2. Redressing the Injustices After the Holocaust.

Although the first laws redressing anti-Jewish legislation were enacted in 1945, these laws providing restitution to Jews whose property had been confiscated during the Second World War were rarely implemented.  Not only did the Hungarian Government refuse to return Jewish property, it took more from its citizens.  After the war, even before the Communist takeover, gold, jewelry and hard currency had to be turned over to the government; land, heavy industry and banking were nationalized.  During the Communist era, after 1949, besides additional classes of personal property, most of the Jewish community property was also taken, and after a brief existence of the National Jewish Restitution Fund,  heirless Jewish property also was defaulted to the Hungarian state.

3. Rewriting Hungary’s Participation in the Holocaust During Communism.

During Communism, Hungary successfully shifted the responsibility for its treatment of its own citizens to Germany, and portrayed the Red Army as the savior of humankind.  Lost wealth was no subject for remorse, and restitution or compensation payments from abroad either eluded Jews living in Hungary, or mostly ended up in the government’s coffers.

4. The Lack of Accountability and the Desire to Limit Retributive Justice since 1990.

After the collapse of Communism, the first demands for justice came from groups of former political persecutees.  However, Hungary enjoyed a rather slow transition from the totalitarian regime of Rákosi, through the so-called “Goulash-Communism” of Kádár, until the fall of the Iron Curtain.  Hungary had no Ceausescu to execute, and the Hungarian secret service of the 1980s  was not comparable to the East-German Stasi.  The most horrendous Communist atrocities formed part of a historical past, and Hungarians felt no need for a speedy and wide-scale retribution.  Without the collective will to punish the Communist perpetrators, accountability did not become such an important issue either.  While the collective need for historical truth about the Communist regime could have helped in an effort to pressure for similar research on the Holocaust — although the Holocaust in Hungary may not be compared to the Communist years — lacking such a desire, no space was created for public discourse about the Holocaust in Hungary.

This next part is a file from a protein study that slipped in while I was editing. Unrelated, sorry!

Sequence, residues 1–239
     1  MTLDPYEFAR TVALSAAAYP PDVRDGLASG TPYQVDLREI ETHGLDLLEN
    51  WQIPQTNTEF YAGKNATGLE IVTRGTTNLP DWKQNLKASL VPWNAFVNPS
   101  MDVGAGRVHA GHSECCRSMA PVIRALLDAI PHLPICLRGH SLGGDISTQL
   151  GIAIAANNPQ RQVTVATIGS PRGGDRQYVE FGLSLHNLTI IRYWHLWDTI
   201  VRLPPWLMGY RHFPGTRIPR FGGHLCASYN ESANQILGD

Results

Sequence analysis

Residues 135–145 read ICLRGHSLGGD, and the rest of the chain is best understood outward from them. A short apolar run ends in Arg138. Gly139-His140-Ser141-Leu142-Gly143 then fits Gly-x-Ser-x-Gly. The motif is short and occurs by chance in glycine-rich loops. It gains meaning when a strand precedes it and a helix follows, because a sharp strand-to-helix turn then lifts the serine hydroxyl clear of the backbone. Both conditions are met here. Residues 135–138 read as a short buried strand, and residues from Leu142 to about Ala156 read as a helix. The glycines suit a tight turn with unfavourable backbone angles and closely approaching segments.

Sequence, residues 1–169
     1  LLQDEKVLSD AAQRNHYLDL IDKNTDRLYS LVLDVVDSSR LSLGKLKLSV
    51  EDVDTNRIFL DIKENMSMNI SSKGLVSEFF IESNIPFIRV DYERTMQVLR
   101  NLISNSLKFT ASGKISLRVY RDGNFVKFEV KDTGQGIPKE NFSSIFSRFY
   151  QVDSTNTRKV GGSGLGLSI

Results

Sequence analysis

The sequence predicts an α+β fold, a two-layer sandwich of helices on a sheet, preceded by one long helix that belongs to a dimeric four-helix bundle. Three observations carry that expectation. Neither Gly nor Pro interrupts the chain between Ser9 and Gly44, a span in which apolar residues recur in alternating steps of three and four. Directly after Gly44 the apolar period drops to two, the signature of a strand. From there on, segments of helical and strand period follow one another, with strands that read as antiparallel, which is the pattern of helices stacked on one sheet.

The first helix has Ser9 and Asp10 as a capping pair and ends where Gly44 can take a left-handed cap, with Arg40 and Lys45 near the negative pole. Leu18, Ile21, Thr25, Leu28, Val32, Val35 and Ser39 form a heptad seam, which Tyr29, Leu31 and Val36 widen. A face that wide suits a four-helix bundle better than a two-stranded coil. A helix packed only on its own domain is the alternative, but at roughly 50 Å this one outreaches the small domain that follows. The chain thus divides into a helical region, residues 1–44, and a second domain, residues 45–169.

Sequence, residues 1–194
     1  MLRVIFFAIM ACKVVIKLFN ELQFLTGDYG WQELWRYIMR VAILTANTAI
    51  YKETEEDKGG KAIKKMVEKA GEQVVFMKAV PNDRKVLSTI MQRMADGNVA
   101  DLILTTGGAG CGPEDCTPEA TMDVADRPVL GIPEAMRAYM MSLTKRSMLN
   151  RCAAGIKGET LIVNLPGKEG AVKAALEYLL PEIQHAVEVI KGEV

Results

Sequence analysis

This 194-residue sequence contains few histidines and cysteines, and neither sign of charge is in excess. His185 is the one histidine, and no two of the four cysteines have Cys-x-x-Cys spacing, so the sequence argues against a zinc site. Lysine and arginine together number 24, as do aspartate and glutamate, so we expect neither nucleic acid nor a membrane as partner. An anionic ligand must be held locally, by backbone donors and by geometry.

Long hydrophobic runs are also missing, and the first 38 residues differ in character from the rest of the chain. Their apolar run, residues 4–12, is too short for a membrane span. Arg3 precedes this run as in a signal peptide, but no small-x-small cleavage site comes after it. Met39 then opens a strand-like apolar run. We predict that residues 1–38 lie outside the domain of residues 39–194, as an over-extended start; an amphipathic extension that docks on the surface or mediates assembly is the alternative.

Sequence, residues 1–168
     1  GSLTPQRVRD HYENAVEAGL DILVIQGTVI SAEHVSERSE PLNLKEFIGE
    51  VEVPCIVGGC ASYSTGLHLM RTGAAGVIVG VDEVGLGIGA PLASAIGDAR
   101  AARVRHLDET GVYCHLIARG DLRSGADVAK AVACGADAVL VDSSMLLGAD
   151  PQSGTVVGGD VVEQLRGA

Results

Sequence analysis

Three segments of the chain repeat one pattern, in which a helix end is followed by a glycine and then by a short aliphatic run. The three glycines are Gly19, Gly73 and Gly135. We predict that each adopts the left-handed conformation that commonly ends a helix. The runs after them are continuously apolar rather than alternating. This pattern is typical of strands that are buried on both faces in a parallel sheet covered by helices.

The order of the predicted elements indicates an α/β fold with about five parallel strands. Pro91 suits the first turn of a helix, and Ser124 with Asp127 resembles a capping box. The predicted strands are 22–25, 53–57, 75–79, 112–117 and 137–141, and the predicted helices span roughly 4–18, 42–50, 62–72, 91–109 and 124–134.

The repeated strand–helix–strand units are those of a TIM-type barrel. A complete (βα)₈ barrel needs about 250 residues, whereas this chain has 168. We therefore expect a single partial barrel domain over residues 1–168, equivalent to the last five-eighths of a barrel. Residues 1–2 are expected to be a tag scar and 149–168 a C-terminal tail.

One of the major elements of the transition period of the 1990s was the regulation of private property.  Privatization through compensation for nationalization seemed a workable idea, and most political parties  agreed on offering some type of compensation to victims of the Communist regime.  However, none expected that the first compensation law opened Pandora’s box, and has been living a life of its own through the amendments and through further compensation legislation enacted as the result of a series of Constitutional Court decisions.

The first draft of the Compensation Law prepared hastily in 1990 was obviously discriminatory and was challenged both by the Prime Minister and the President.  The Constitutional Court held  that the provision arbitrarily setting the start date for expropriation claims at June 8, 1949 was unconstitutional, and under the amended First Compensation Law, the time scope of eligible claims was extended back to May 1, 1939.  That way, it effectively covered most Holocaust-era property violations.

5. The Missed Opportunities to Establish a Historical Commission of Inquiry

Simultaneously with the First Compensation Law that offered partial compensation for private property losses, the Hungarian government also enacted the law on the partial return of church property.  While Hungarian Jews were researching their private property claims, the Hungarian Jewish community looked into the loss of Jewish community properties.  The next year, 1992, the World Jewish Restitution Organization (WJRO) was established to centralize and co-ordinate the efforts of international Jewish organizations in their attempt to help recover individual, communal and organizational Jewish assets in countries including Hungary.

The closest Hungary ever got to establishing a historical commission was in the mid-1990s, when the Hungarian Jewish community joined by the WJRO, entered into negotiations with the Hungarian government regarding heirless assets.  The Jewish organizations submitted a short-lived proposal to form a joint commission with participants both from the government and the Jewish community.  The government was not interested and none of the local or international Jewish organizations ever followed up on this proposal.

Hungary was Germany’s ally during World War II.  The Hungarian Government did all it could to keep away from Germany and save for itself the confiscated and looted property of Jews.  The Hungarian Government did not willingly return looted assets after World War II.  Hungary kept and concealed the loot and the proceeds from the sale of the loot for close to sixty years.  No Hungarian Government since 1990 felt that it would serve its interest to reveal the role of Hungary in the economic annihilation of Hungarian Jews, and in the Holocaust in general.